By Jeb Bing
Mayors outraged by vice president's snubUploaded: Jul 10, 2009
Many of the country's mayors--including our own Mayor Jennifer Hosterman-- are hopping mad over being snubbed at their recent convention in Providence, R.I. by Vice President Joe Biden and others in the Obama administration. This top-level delegation that had been given top billing on a meeting dealing with stimulus funds and other federal aid desperately needed by many cities thought that a group of firefighters waving signs across from the city's convention center were pickets, so they refused to cross the lines. As Hosterman learned, and what Biden's aides should have told him, this fringe group of protestors was part of a bargaining unit that was having a labor dispute with the convention's host, Providence Mayor David Cicilline. Because the union is in binding arbitration over its contract, it's barred from picketing or striking, and the sign wavers were simply among many others who use the U.S. Conference of Mayors' annual meeting to demonstrate for their causes.
Hosterman sits on a number of the U.S. Mayors conference committees that support Obama and Democratic Party platforms and positions. Thrilled by the election of a Democratic, big-city oriented president who's already created a new White House Office of Urban Affairs, she felt the administration's decision to boycott the mayors' conference came as a bracing rebuke. The timing couldn't have been worse with many mayors disappointed already by concerns that their cities are being short-changed on receiving stimulus funds for transportation and housing. Along with mayors and representatives from other Tri-Valley cities, including Livermore and Dublin, Hosterman has traveled to Washington, D.C. to seek funds for local projects. Mayors from the larger cities, including Democratic strongholds of Chicago, Los Angeles and Miami, told Hosterman and others at the convention that they are facing the most troubling economic times since the Great Depression. They had looked forward to meeting with the Obama team to develop programs and approaches that would enable all cities to provide and maintain services for their residents.
Hosterman said this was the first time in 77 years that a president's team has not joined the mayors at their conference and said the snub sets a dangerous precedent. The mayors' meeting is a magnet for any organization or agency that has a beef, including unions, and that by honoring a demand by the International Association of Firefighters not to participate in the meeting, the president and Biden have left themselves open to demands by other groups that will now add the mayors' conference to their list of where to be most effective in raising their protests. Because of the economic downturn, the city of Pleasanton has made painful decisions in order to balance its budget while continuing to provide services to many who have lost their jobs and are in danger of losing their homes. The Pleasanton school district is being forced to lay off valued employees. Neighboring cities are facing the same difficulties. This was not a convention the administration should have snubbed, Hosterman said, and there are many disappointed mayors and city councils around the country that had hoped to hear positive news from the mayors' meeting with the Obama group.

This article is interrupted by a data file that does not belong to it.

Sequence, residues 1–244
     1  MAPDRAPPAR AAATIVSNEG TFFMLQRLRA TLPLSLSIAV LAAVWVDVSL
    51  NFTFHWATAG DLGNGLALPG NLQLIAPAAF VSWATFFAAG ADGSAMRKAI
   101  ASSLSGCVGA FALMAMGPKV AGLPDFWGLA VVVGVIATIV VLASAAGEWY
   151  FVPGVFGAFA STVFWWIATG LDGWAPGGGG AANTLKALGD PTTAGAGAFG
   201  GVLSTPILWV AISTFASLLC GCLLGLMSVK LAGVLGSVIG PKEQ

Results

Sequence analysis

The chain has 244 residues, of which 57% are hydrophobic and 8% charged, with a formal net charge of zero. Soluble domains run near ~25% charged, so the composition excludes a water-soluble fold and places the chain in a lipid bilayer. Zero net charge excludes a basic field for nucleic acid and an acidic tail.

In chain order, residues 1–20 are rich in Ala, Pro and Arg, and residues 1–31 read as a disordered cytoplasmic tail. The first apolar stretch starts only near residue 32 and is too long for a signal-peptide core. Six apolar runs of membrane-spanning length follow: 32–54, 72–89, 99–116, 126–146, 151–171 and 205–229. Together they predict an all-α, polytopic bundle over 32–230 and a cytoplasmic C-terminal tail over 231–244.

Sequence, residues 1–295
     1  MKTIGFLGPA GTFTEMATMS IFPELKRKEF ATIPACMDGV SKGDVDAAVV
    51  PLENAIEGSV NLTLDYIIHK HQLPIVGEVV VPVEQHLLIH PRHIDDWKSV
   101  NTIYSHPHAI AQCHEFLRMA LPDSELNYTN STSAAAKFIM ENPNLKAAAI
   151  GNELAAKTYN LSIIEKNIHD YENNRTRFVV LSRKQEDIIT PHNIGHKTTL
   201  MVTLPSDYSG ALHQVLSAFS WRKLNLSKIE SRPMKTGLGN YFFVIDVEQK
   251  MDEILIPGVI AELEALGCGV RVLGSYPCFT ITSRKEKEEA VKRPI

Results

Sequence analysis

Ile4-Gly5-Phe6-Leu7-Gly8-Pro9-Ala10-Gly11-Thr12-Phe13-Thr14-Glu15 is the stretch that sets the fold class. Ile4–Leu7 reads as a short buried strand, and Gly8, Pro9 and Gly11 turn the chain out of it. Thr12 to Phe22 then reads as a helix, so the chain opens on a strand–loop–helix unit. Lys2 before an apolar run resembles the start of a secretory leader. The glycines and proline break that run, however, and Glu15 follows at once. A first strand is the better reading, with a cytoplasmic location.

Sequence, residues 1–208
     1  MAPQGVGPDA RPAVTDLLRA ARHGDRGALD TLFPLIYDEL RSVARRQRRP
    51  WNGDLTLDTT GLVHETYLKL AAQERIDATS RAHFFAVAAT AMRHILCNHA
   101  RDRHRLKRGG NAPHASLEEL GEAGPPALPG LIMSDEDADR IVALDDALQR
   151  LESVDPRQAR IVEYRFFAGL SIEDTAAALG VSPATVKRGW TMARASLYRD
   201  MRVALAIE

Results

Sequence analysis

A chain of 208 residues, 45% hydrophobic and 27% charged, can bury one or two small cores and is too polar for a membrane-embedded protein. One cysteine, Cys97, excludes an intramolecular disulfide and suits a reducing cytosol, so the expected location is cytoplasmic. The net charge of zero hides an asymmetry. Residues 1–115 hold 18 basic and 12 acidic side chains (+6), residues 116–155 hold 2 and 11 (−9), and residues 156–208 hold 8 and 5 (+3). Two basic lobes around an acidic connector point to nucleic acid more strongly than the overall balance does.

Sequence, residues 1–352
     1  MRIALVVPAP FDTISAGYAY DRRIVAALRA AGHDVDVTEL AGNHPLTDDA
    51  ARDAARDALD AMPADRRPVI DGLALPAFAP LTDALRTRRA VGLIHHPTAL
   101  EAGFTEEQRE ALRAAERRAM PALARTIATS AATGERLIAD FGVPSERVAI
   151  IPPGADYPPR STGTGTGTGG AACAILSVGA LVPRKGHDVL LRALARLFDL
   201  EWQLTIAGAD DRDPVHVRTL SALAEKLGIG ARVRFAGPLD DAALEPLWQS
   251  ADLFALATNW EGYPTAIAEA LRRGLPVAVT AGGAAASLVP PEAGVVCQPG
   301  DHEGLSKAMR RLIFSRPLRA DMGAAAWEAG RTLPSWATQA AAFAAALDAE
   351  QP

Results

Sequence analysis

Hosterman said the mayors' outrage reached Washington almost immediately and Obama since has sent invitations to her and other mayors to travel to the capital for a special meeting with the administration. She said she won't ask taxpayers who paid for her Providence trip to foot the bill again for a "make up" dialogue. She hopes the president will personally meet with the mayors next year.
Even without Biden and his entourage, Hosterman found the mayors' meeting productive, especially in its workshops and programs on issues of prime concern to Pleasanton, including energy conservation, green building, climate control and cost-cutting measures. Hosterman, the City Council and City Manager Nelson Fialho spend increasing amounts of their time making sure the municipal budget stays balanced while maintaining basic quality of life measures. Already 950 mayors, including Hosterman, have signed onto the "Mayors' Climate Protection Agreement," which pledges that they will reduce greenhouse gas emissions in their cities by 2012.
After the conference closed, Hosterman and several other mayors took up an offer by Cicilline to tour Providence and provide a bit of help on a park being built at one of the city's new urban renewal projects. That "bit of help" had the mayors carting dirt, sand and more to various parts of the park while Hosterman, dressed in a new pantsuit and wearing heels, shoveled mulch into the wheelbarrows. Just wish I had been there with a camera!